Maybe I should live in the city and think everything comes in a box or on foam trays….still I have trouble…


  7. Will this be your first turkey kill? I send you calming vibes (ew, how Marin!).

    You HAVE to watch this YouTube. Keep your eye on the guy in the back. It’s totally relevant; go watch.


  8. I forgot to paste the url.
    Go watch!

  9. ooo!oooo!oooo! A great source for cranberries! I was just planning my T-Day menu (mentally) earlier in the day with a note to find local-ish cranberries.
    I get online, check my emails and then check out your blog and Lo and Behold! You found them for me! Wonderful!
    I’ll hopefully be able to order them Monday morning. Yum!

  10. Linda, exactly, I do the same thing, say a bit of a prayer of thanks to the poor critter. I do feel a bit like an ogre at the time and thankfully it’s always a couple of days later (at least) before the bird ends up on the table so I have usually “gotten over it.” There are some things I just won’t eat (innards, feet, combs) but I suppose if I was hungry enough or if I had more years of experience behind me I would be a bit more broad-minded. Sigh!!

    CC, believe me, the vibes are welcome, as this will be my first one solo. I assume the YouTube thing was our favorite governor blathering on in front of some bloody turkeys? Kat says the one saving grace is she’s a lot closer to the source of food than the average American: that’s actually a good thing, not that ANYTHING is good about that eediot.

    Amanda, yep! They do ship but they’ll be frozen…not that big of a deal really as that’s the main way I eat mine! They’re blueberry-happy too as South Haven is supposedly the world’s capital or some such. Both berries freeze beautifully and are quite welcome year-round around here. Good luck with your turkey! Boy I wish I had a place I could ship our girl off to…

  11. I, too, feel your pain over having to ‘off’ one of your turkeys…I know how easy it is to become attached to such critters. But once that bird is in the oven & the aroma wafts through your house, you may forget all that. It’s life, after all. We’re all slated to die the moment we take our first breath.

  12. My wife and I went shopping today (Saturday) and bought one of those supermarket frozen factory turkeys. I get kind of sick just thinking about the genetic freaks they are and all the chemicals in them. I doubt that I will have much of it this year. Unfortunately, we don’t know where to buy organic, free range turkey around here (central Wisconsin).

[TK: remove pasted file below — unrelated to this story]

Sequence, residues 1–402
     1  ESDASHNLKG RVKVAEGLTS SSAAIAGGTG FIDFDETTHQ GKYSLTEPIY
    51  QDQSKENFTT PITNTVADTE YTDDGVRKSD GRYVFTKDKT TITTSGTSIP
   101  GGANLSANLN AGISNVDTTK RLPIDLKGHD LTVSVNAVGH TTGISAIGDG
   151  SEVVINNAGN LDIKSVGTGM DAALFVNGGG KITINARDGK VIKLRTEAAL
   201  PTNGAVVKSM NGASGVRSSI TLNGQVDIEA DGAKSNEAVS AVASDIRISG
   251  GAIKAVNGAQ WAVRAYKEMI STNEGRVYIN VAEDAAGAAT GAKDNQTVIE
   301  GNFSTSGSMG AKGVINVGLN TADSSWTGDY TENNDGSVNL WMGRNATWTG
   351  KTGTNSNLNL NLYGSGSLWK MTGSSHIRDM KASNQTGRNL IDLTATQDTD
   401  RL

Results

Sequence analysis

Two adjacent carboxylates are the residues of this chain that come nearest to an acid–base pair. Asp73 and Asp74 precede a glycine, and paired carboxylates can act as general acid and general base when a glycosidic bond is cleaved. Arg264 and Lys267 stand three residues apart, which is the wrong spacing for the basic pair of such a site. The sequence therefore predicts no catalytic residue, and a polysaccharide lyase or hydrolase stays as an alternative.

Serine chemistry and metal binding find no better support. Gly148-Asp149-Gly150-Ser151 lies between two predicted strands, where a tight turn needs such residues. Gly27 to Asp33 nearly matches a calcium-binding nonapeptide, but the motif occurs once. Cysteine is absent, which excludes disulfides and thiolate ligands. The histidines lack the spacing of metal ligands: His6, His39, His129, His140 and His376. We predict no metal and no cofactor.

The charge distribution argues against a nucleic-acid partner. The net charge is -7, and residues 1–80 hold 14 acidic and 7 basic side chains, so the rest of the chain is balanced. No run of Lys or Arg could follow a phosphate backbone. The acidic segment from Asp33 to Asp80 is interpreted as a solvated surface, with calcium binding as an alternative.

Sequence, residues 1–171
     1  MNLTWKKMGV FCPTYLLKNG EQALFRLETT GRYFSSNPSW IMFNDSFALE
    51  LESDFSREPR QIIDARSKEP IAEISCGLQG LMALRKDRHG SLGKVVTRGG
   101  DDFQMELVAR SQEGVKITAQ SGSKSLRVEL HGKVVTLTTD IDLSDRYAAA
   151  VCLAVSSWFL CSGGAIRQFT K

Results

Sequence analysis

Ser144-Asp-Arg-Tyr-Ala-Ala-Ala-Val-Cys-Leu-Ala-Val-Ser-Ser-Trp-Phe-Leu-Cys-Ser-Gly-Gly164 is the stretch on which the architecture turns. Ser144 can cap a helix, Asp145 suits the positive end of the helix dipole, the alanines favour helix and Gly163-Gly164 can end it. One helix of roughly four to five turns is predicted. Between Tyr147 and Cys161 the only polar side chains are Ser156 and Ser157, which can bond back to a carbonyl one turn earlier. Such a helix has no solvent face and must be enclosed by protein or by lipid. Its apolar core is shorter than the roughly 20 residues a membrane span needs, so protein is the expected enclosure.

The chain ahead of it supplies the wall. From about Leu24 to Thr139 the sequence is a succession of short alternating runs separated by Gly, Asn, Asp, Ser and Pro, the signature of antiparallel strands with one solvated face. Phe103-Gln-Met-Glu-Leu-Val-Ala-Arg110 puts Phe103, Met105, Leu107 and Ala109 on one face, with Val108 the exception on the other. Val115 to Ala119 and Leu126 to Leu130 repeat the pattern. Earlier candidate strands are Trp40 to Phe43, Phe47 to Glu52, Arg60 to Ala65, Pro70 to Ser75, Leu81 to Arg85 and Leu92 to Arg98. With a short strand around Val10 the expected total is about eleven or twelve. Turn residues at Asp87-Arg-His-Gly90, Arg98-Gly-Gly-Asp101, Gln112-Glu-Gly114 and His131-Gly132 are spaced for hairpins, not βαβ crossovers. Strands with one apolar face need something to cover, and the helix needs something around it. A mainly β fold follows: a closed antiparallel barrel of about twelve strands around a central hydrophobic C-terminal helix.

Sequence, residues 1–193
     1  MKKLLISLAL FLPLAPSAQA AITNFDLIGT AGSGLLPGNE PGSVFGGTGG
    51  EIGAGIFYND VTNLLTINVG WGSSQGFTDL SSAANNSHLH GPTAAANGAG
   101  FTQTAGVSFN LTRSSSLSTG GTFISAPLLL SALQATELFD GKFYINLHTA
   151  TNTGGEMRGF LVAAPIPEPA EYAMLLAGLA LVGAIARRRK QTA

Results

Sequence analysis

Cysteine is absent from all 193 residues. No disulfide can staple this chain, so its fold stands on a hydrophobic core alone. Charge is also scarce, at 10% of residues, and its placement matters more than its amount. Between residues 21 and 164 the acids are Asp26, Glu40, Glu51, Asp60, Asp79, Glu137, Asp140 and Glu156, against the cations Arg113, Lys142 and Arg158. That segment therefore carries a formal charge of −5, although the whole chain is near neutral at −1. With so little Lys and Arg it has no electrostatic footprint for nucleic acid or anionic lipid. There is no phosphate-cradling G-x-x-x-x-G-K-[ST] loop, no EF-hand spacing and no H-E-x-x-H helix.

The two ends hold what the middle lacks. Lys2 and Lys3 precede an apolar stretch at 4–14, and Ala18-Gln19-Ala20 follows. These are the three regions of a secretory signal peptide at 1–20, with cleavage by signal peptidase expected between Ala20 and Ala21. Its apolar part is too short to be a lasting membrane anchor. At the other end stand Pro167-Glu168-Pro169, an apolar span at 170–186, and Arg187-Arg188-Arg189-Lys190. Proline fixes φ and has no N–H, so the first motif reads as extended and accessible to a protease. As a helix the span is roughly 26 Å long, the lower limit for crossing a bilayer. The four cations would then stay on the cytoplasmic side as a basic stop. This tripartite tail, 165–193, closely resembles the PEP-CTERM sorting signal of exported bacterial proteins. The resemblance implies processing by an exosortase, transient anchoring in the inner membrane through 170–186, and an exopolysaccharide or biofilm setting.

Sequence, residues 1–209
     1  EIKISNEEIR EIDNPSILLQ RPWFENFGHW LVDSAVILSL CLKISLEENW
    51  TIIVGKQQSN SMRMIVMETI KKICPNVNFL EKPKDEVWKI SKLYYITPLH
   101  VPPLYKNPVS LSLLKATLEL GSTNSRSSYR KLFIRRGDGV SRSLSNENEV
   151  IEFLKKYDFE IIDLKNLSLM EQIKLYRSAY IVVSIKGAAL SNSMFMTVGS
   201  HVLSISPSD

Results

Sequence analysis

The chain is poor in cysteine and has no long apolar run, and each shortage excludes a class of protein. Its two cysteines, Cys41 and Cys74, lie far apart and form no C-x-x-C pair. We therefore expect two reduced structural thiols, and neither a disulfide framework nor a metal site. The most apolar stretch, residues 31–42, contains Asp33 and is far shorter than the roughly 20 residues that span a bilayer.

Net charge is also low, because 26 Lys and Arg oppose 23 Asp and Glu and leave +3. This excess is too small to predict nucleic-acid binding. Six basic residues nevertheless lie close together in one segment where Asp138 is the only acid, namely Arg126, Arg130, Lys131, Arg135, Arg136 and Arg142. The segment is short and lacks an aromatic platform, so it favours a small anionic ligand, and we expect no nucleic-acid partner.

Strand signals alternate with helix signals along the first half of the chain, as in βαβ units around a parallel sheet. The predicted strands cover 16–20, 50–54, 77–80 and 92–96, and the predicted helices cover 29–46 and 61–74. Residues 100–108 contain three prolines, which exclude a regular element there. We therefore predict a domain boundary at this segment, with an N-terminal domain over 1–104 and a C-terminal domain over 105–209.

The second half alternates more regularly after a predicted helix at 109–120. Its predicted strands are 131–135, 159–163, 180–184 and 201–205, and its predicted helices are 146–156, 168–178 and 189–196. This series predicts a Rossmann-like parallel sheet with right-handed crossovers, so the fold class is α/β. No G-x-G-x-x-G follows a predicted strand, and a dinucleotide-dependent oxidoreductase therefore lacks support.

But how can anyone screw up mashed potatoes?? Mashed (or baked) chemical-free, garden fresh potatoes are the nectar of the gods! but then so is pumpkin pie, blueberry pie, squash, ….. It’s all good!

    And cookies are good all year ’round. What would I do without sugar cookies, oatmeal-raisin-walnut cookies?

    Hope you have a great Thanksgiving.

  13. Laurene, you are right. I am hoping that next year we have children of the two turkeys we’re going to breed.
    Here’s hoping anyway or it might be a turkey-free year…which wouldn’t be the end of the world of course!

    Hi Dennis. I didn’t think it was possible to screw up mashed potatoes but it is. (I was so disappointed!) And cookies: yes, if they are around of course I will eat them but it’s only at Christmas that I actually feel like making them, you know, the sugar ones and press cookies etc. But as far as Wisconsin goes, next year, or maybe for Christmas, you should check out LocalHarvest.org. Another source is the Eat Well Guide, which is an offshoot of Local Harvest. (And then there’s Eat Wild, a state-wide which will put you in touch with folks who raise grass-fed and pastured meats.) Put in your zip code and I’m sure you will find some farms nearby that sell turkeys. They might not be organic (mine aren’t) but they might be free-range and have led happy lives. You will definitely face sticker shock though. Ours last year was about $65. I just amortized the cost by buying cheaper wine 🙂